T. P. O’Connor (1848-1929)


Life
[Thomas Power O’Connor; fam. “T.P.”, joc. “Tay Pay”]; b. Athlone; ed. Queen’s College, Galway [MA]; worked on Saunders’ Newsletter in Dublin; moved to London, 1870, and joined Daily Telegraph staff; supported Home Rule Confederation; His first book, Lord Beaconsfield (1879; earlier in serial form, 1876) attracted attention for its unsparing attack on Disraeli; elected MP for Galway, 1880; elected MP for the Scotland Division [in] Liverpool, 1885-1929, [err. 1880-1929 DIH], through Liberal party influence, and thus the sole Irish member sitting for an English constituency;
 
supported Land League and Parnell, and advocated extension of Irish land legislation to working-class England; visited America for fund-raising, 1881; wrote with others Manifesto to the Irish in England (Nov. 1885), advocating support of Liberals n accord with Parnell’s agreement; returned for Galway and Liverpool, 1885, opting for Liverpool – the Galway seat going to Parnell’s nominee, Capt. O’Shea; availing of the reduction of tax on newspapers, he became fndr-ed. The Star (1887-90), in which his leader was called ‘What We Think’;
 
also The Sun (1893), and T. P.’s Weekly (1902); a early Home Rule Confederation member with Isaac Butt and others (fnd. Jan. 1873), he also supported the Land League and Parnell; helped draw up the Manifesto to the Irish in England (1885) in which Parnell asked the Irish voters to oppose the Liberals; supported Parnell at the split; became the President of the Board of Film Censors, 1917; Privy Councillor, 1924; as the longest sitting MP, he remained ‘father’ of the House of Commons for many years;
 

O’Connor completed the 4th vol. of Charles Read’s Cabinet of Irish Literature (1880); his published titles include Lord Beaconsfield (1880); The Parnell Movement with a Sketch of Irish Parties from 1843 (1886); Charles Stewart Parnell (1891); Sketches of the House (1893); Sir Henry Campbell-Bannerman (1908); My Beloved South (1913); Herself - Ireland (1917); Memoirs of an Old Parliamentarian (1929); he edited T.P.’s Weekly [London : Walbrook & Co., 1902-1916. 27 vols. Absorbed by To-day after 1916 [Jackson, Holbrook, 1874-1948.] Cassell’s Weekly, 1923-29; there is a portrait by Sir John Lavery [NGI]; he models for a character in W. P. Ryan, The Plough and the Cross (1910). CAB ODNB IF DIW DIB DIH OCEL FDA OCIL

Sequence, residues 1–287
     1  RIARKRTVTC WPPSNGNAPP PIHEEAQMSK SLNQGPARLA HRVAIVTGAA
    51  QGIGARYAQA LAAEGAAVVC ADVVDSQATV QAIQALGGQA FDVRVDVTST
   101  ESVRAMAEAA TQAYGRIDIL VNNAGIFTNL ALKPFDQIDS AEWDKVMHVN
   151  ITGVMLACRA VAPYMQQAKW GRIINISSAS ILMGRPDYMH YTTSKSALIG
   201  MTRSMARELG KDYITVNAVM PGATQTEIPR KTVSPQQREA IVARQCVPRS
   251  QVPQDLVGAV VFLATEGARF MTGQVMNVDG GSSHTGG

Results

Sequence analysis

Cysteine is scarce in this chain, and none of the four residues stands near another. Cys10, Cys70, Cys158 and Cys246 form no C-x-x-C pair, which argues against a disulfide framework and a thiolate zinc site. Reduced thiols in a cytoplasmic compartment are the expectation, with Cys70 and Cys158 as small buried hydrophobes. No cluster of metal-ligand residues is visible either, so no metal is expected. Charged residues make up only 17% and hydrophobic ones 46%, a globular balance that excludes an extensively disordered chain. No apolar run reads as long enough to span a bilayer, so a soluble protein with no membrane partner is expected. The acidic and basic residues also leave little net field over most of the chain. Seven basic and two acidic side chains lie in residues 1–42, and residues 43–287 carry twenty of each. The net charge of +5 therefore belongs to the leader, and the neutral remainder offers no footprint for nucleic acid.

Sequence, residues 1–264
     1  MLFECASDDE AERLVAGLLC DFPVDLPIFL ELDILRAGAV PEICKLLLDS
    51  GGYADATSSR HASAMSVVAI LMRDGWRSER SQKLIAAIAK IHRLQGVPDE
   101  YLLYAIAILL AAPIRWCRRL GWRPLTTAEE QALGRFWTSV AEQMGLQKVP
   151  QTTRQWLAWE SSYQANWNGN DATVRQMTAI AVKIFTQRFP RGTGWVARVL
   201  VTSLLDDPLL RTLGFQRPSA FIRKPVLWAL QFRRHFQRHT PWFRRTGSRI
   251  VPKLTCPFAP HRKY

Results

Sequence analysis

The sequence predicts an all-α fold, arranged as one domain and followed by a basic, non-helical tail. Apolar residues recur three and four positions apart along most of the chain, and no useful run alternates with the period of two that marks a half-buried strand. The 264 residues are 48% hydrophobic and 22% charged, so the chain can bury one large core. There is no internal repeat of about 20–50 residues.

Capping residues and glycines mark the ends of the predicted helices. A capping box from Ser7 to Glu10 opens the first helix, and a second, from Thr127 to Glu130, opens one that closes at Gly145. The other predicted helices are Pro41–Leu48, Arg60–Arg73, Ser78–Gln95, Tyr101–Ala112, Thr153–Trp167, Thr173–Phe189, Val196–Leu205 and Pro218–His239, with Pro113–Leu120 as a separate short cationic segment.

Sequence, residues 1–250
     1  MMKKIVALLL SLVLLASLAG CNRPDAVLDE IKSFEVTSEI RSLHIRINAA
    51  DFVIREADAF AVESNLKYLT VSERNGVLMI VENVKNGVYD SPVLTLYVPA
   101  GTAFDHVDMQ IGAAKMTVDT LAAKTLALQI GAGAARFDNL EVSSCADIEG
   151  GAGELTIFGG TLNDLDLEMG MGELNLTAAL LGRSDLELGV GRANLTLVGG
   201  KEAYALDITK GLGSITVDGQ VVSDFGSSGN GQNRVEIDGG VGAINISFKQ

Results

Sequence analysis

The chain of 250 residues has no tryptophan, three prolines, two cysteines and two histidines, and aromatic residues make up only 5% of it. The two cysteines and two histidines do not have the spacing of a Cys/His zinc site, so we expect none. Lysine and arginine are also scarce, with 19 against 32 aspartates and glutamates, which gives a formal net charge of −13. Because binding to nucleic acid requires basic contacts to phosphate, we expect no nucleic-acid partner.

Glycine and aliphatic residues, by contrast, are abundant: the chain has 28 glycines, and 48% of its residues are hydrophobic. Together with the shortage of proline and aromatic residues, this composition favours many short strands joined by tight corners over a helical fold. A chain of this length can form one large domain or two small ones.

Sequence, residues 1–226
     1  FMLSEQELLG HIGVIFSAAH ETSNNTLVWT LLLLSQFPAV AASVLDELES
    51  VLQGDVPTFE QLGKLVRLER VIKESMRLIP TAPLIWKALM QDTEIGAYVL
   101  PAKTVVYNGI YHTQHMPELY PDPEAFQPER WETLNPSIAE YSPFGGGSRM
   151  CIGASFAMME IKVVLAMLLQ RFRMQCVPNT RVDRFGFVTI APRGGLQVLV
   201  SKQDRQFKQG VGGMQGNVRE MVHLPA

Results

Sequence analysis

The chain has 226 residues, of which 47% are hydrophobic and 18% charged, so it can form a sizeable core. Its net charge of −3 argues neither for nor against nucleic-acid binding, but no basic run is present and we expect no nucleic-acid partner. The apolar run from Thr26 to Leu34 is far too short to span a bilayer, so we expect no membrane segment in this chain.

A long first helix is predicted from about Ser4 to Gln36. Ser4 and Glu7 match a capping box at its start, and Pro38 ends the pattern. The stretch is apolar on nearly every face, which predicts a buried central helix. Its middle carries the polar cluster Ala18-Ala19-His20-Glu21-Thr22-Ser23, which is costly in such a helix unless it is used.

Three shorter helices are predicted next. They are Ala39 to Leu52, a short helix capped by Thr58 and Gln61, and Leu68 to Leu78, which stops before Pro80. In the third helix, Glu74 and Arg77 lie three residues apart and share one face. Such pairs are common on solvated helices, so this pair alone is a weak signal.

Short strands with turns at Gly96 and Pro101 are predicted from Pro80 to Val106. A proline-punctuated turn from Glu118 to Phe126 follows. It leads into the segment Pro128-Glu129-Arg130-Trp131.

Electoral record ...
O’Connor secured the Liverpool Scotland seat in Liverpool as a representative of the Irish Parliamentary Party in 1885 and retained it in every election until his death in 1929 - even after the demise of the actual party O’Connor being returned unopposed in the elections of 1918, 1922, 1923, 1924, and 1929.
—See “Irish Parliamentary Party” in Wikipedia - online;

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Works
Political studies
  • Life of Lord Beaconsfield: A Biography [William Ewart Gladstone], ed. S. O. Beeton (London: Beeton 1877-81), 2 vols. (London: Beeton 1881) [of which Vol. II was written by Algernon Foggo]; Do., Vol. I [printed separately] (Belfast & London: William Mullan 1879), vi, 711pp., 8° [19cm; see note]; Do. [10th Thousand; People’s Edn.] (London: W. Stewart & Co.; Dumbarton: Bennett Brothers 1880), 292pp.; Do. [6th edn.] (London: Chatto & Windus 1884, [7th Edn.] 1896), xxxvi, 711pp.; Do. [8th edn.] (London: T. Fisher Unwin 1905), xxxvi, 711pp. ill. [front. port.], and Do. [another edn.] (London: Collins Clear-type Press 19??), 380pp., ill. [4 lvs. of pls.].
  • Gladstone’s House of Commons (London: Ward & Downey 1885), xii, 567pp.;
  • The Parnell Movement, With a sketch of Irish Parties from 1843 (London: Kegan Paul 1886);
  • The Home Rule Debate ([London]: 1886), 46pp. [digital copy available by subscription at JSTOR [19th Century British pamphlets] (2009) - online.